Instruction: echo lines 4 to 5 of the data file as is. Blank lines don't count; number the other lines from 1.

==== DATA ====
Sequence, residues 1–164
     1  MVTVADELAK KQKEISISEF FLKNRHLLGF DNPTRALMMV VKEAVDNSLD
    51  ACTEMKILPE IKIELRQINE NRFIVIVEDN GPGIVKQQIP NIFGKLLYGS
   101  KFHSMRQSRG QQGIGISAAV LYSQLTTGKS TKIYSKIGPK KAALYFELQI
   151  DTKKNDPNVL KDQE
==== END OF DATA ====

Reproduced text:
   101  KFHSMRQSRG QQGIGISAAV LYSQLTTGKS TKIYSKIGPK KAALYFELQI
   151  DTKKNDPNVL KDQE